Show simple item record Bryan, A.M. en Bertman, S.B. en Carroll, M.A. en Dusanter, S. en Edwards, G.D. en Forkel, R. en Griffith, S. en Geunther, A.B. en Hansen, R.F. en Helmig, D. en Jobson, B.T. en Keutsch, F.N. en Lefer, B.L. en Pressley, S.N. en Shepson, P.B. en Stevens, P.S. en Steiner, A.L. en 2014-11-12T20:27:58Z en 2014-11-12T20:27:58Z en 2012 en
dc.identifier.citation Bryan, A. M., Bertman, S. B., Carroll, M. A., Dusanter, S., Edwards, G. D., Forkel, R., . . . Steiner, A. L. (2012). In-canopy gas-phase chemistry during CABINEX 2009: Sensitivity of a 1-D canopy model to vertical mixing and isoprene chemistry. Atmospheric Chemistry and Physics, 12(18), 8829-8849. en
dc.description.abstract Vegetation emits large quantities of biogenic volatile organic compounds (BVOC). At remote sites, these compounds are the dominant precursors to ozone and secondary organic aerosol (SOA) production, yet current field studies show that atmospheric models have difficulty in capturing the observed HOx cycle and concentrations of BVOC oxidation products. In this manuscript, we simulate BVOC chemistry within a forest canopy using a one-dimensional canopy-chemistry model (Canopy Atmospheric CHemistry Emission model; CACHE) for a mixed deciduous forest in northern Michigan during the CABINEX 2009 campaign. We find that the base-case model, using fully-parameterized mixing and the simplified biogenic chemistry of the Regional Atmospheric Chemistry Model (RACM), underestimates daytime in-canopy vertical mixing by 50–70% and by an order of magnitude at night, leading to discrepancies in the diurnal evolution of HOx, BVOC, and BVOC oxidation products. Implementing observed micrometeorological data from above and within the canopy substantially improves the diurnal cycle of modeled BVOC, particularly at the end of the day, and also improves the observation-model agreement for some BVOC oxidation products and OH reactivity. We compare the RACM mechanism to a version that includes the Mainz isoprene mechanism (RACM-MIM) to test the model sensitivity to enhanced isoprene degradation. RACM-MIM simulates higher concentrations of both primary BVOC (isoprene and monoterpenes) and oxidation products (HCHO, MACR+MVK) compared with RACM simulations. Additionally, the revised mechanism alters the OH concentrations and increases HO2. These changes generally improve agreement with HOx observations yet overestimate BVOC oxidation products, indicating that this isoprene mechanism does not improve the representation of local chemistry at the site. Overall, the revised mechanism yields smaller changes in BVOC and BVOC oxidation product concentrations and gradients than improving the parameterization of vertical mixing with observations, suggesting that uncertainties in vertical mixing parameterizations are an important component in understanding observed BVOC chemistry. en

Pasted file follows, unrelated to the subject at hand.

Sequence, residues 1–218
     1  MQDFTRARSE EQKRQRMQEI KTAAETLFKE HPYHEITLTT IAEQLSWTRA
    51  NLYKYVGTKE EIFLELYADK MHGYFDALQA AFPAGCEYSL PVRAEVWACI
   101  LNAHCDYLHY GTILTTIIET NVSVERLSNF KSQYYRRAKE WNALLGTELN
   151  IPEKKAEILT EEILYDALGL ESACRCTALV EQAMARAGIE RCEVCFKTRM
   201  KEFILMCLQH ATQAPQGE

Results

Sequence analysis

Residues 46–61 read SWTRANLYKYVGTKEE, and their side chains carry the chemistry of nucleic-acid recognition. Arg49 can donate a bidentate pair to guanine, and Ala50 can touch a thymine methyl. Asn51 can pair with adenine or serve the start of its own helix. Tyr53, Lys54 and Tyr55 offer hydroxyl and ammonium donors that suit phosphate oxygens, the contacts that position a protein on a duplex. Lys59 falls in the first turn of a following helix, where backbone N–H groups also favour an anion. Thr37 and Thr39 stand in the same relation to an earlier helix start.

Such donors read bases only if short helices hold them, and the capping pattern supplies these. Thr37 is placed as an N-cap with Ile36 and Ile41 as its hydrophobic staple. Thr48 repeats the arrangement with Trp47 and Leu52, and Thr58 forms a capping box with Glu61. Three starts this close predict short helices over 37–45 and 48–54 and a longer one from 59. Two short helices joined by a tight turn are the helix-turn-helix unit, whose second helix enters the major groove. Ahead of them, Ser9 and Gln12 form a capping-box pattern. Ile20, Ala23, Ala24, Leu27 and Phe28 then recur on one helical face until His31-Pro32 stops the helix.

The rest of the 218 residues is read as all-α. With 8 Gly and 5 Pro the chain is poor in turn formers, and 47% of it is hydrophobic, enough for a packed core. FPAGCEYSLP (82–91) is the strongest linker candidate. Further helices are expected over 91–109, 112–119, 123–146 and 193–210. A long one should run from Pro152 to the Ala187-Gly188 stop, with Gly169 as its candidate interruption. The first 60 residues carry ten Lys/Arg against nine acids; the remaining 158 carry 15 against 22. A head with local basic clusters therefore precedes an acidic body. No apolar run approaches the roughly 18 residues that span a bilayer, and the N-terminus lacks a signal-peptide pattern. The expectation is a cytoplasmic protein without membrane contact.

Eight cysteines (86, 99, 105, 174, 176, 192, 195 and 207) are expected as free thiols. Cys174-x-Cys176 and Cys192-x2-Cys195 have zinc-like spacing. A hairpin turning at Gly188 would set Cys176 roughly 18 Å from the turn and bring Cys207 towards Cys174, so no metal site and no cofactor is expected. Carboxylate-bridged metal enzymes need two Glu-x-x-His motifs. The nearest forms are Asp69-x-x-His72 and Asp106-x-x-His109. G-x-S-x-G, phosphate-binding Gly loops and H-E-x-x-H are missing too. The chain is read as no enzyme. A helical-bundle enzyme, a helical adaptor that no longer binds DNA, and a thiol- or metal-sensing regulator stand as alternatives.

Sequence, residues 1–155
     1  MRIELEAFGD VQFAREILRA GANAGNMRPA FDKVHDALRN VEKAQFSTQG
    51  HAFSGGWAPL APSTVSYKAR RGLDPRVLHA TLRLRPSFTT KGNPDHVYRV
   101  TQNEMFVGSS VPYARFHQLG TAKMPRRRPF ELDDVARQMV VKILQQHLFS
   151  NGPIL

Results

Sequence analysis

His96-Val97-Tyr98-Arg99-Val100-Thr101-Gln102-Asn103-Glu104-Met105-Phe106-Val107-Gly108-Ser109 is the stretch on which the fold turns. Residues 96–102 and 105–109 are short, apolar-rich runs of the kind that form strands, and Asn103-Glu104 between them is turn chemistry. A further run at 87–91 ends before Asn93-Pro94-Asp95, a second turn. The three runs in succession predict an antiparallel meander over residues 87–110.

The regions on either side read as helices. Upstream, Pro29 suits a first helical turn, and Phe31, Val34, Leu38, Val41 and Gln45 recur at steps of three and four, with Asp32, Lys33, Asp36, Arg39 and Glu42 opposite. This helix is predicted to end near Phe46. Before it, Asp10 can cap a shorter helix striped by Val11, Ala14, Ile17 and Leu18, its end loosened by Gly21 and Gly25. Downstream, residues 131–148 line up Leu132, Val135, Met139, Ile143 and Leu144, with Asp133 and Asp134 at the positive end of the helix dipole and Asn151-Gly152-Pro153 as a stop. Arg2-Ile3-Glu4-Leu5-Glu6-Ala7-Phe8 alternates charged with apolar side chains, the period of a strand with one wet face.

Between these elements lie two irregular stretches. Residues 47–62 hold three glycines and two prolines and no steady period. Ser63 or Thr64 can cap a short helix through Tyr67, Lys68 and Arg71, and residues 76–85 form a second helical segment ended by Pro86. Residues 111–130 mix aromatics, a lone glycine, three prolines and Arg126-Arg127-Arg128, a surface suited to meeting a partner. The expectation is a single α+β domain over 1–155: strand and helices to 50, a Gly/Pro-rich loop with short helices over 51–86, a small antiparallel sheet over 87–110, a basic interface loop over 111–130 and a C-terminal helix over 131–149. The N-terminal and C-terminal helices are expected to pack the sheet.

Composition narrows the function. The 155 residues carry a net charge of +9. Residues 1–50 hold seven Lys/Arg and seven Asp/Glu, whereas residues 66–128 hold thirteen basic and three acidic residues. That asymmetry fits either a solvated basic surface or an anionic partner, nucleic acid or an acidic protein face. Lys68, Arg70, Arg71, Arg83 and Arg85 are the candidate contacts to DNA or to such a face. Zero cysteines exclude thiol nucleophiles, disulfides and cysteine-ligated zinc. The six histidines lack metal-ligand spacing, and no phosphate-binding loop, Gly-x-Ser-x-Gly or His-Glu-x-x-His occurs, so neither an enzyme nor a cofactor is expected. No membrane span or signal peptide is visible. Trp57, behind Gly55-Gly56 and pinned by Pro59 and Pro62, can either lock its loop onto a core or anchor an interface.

dc.language.iso en_US en
dc.publisher Copernicus Publications on behalf of the European Geosciences Union en
dc.relation.isversionof en
dc.rights © 2012 Authors. CC Attribution 3.0 License. en
dc.rights.uri en
dc.subject aerosol en
dc.subject atmospheric chemistry en
dc.subject concentration (composition) en
dc.subject gas phase reaction en
dc.subject isoprene en
dc.subject one-dimensional modeling en
dc.subject oxidation en
dc.subject parameterization en
dc.subject sensitivity analysis en
dc.subject vertical mixing en
dc.title In-canopy gas-phase chemistry during CABINEX 2009: Sensitivity of a 1-D canopy model to vertical mixing and isoprene chemistry en
dc.type Article en
dc.altmetrics.display false en

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